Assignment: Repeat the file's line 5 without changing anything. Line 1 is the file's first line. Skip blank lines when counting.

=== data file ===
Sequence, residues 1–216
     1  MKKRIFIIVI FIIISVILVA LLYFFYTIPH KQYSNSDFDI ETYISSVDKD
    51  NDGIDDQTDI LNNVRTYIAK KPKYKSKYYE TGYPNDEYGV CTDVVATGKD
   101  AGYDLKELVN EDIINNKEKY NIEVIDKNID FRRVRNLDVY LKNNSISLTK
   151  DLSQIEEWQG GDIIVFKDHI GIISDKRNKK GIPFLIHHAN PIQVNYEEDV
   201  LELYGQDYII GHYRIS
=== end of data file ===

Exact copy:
   151  DLSQIEEWQG GDIIVFKDHI GIISDKRNKK GIPFLIHHAN PIQVNYEEDV